As a non-profit performing arts institution, the Orpheum Theatre Group relies on philanthropic support to sustain its education programs, diverse programming, community vitality, and preservation. The generosity of Mid-South donors and patrons and the hundreds of volunteers that comprise FOTO are vital to the Orpheum’s impact on Memphis.

Each summer the Orpheum Theatre Group presents a variety of camps for students entering third grade to high school graduates.

A Partner in Progress

With the addition of the Halloran Centre in 2015, OTG’s education programs continue to grow and impact thousands of Mid-South teachers and students. The Orpheum’s Student Matinee Series grant program provides a chance for all students, regardless of resources, to be exposed to live theatre. The annual Orpheum High School Musical Theatre Awards, modeled after the Tony Awards, supports, promotes, and enhances high school musical theatre throughout the Mid-South. Teachers throughout the year have opportunities to learn through professional development workshops led by Kennedy Center teaching artists. Broadway 101 and Backstage 101 allow students grades 7-12 to take a master class with touring Broadway cast and crew members and then see the show that same evening. In 2017, a performing arts summer program called Mending Hearts Camp was started for children who have experienced the death of a parent. Through extensive workshops, master classes, and summer camp programming, OTG’s employees, staff, volunteers, and friends work to improve the quality of life for all the residents of the region.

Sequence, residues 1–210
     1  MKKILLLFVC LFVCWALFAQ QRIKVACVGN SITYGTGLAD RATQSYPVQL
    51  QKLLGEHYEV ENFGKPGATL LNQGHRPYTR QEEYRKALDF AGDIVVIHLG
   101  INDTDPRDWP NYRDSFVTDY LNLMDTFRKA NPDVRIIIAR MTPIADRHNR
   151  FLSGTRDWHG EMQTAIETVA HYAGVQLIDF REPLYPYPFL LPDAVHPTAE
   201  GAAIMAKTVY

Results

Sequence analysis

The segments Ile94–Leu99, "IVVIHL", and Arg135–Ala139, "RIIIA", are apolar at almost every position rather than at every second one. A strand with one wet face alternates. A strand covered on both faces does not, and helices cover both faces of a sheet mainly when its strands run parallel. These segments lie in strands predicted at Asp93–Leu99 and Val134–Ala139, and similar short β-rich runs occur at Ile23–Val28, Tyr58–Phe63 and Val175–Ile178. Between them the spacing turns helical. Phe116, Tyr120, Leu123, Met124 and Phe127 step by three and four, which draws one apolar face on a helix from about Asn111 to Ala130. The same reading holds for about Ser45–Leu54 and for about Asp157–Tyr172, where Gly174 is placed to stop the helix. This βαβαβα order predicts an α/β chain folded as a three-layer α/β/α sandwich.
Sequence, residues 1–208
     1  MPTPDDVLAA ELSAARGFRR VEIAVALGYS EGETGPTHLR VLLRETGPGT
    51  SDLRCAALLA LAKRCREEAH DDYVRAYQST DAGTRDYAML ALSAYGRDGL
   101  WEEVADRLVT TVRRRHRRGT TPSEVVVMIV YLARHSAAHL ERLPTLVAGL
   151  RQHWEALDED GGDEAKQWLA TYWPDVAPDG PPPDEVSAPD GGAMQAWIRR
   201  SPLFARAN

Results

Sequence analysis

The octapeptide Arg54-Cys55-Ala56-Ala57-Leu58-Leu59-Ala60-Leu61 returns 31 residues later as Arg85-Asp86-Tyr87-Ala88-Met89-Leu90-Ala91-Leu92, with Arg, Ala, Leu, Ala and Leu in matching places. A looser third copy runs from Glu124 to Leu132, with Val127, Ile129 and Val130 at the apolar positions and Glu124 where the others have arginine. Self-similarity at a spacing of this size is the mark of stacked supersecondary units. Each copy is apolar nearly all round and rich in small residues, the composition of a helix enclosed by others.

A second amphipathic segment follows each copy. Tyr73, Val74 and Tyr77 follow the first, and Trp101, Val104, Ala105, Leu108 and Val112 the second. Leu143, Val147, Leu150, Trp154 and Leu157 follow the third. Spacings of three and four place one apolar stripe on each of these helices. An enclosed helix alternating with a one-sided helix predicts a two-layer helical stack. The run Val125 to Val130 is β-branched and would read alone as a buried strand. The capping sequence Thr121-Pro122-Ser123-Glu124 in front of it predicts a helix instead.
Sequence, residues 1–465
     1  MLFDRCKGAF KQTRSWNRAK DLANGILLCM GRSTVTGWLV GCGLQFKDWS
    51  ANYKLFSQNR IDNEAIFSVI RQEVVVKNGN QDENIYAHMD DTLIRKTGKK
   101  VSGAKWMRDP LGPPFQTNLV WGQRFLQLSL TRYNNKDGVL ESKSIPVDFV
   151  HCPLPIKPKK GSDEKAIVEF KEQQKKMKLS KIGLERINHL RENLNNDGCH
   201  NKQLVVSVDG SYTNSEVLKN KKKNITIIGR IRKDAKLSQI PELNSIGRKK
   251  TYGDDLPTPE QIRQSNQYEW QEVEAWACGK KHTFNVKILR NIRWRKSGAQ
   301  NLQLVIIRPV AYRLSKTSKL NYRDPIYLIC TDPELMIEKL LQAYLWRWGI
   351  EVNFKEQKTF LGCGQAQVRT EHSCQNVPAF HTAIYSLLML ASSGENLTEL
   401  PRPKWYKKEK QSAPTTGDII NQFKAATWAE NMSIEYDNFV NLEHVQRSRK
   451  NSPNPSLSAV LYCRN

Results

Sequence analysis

With its two performance venues and growing education programs, the Orpheum Theatre Group continues to entertain, educate and enlighten its audiences and remains a leader in the Bluff City’s performing arts community.